A local woman sought the community’s help with welcoming her newly relocated mother, and the heartfelt response was overwhelming.
When Maricopa resident Merry Grace asked the local movement known as Maricopa Rocks to help welcome her mother to her new home in the city, she wasn’t expecting much. She was happily mistaken.
“I thought maybe if I ask, maybe two or three people will paint Texas-themed rocks and they set them outside so when she comes outside she’ll see it,” Grace said. “I was overwhelmed. I ended up with 21 rocks.”
Grace’s mother, 84-year-old Aurora Martin, moved to Maricopa from San Antonio with her husband two months ago after she was diagnosed with early-onset dementia, Grace said. The move, she said, has taken an emotional toll on her mother.
“I saw that she was getting homesick,” Grace said. “She was born and raised in San Antonio. It’s the only home she’s ever known.”
Seeing this, the loving daughter sprang into action, reaching out to the group Maricopa Rocks, which recently started an art/social media movement, painting rocks and planting them around the city.
“I wanted to cheer her up, being away from her lifelong friends,” Grace said. “[But] I had no idea they would respond the way they did.”
The day before her 84th birthday, the group planted the 21 painted rocks in Grace’s yard.
When she saw the first rock, Grace said, “she immediately asked, ‘What is this?’”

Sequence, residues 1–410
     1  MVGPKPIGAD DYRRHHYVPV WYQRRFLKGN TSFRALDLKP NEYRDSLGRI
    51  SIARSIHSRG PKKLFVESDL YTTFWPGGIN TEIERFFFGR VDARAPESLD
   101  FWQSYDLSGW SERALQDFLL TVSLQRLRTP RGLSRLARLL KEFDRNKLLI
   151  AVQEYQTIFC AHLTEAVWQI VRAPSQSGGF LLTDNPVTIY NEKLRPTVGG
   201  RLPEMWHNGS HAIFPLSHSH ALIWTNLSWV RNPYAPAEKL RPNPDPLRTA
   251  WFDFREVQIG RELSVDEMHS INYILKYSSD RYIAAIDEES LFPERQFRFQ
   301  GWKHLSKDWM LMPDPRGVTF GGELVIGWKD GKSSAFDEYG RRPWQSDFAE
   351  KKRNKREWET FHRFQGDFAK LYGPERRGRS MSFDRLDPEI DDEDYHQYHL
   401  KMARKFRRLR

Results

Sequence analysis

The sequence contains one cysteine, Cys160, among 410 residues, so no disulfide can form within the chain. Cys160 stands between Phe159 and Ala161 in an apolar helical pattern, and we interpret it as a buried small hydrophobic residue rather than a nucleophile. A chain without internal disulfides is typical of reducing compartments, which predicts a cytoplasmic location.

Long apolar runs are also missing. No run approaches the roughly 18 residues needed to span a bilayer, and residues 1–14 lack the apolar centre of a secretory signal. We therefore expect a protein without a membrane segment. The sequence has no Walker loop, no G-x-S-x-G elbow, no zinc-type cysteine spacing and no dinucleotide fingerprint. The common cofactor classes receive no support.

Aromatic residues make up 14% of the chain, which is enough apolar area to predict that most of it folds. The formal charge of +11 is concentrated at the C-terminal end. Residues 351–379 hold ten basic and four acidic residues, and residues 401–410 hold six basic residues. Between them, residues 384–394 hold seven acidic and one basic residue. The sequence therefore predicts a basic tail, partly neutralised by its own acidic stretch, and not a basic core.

It was painted with the Texas flag.
She sat down, Grace said, and then the family “brought [the rocks] to her one-by-one, and one-by-one she was getting more and more emotional.”
One rock especially got to her, Grace said. It had the picture of Texas with a small heart painted within the borders, and written next to the image of the Lone-Star state were the words, “Texas, where my story begins.”
“As soon as I read that to her she just bawled,” Grace said. “It wasn’t a sad cry, though. It was kind of a relief cry.”
Another rock said, “Welcome to AZ,” and still others were adorned with Texas flags and sayings like the “Yellow Rose of Texas.”
They have plans of possibly building a small flower garden in their backyard and using the rocks for decoration. For now, she keeps several of them in her room.
Martin is still relatively cognizant of the world around her, however dementia is a degenerative disease with irreversible symptoms which can prove to be severely debilitating.
So, when the time comes, Grace said alluding to her mother’s eventual passing, “the boys [Martin’s grandsons] will take Abuela’s [Martin’s] rocks and create their own gardens.”
For now, there are more good moments than bad, Grace said. With this gesture, perhaps her mother can maintain just that much more of her past, and realize that though she may have started her story in Texas, home is where you make it.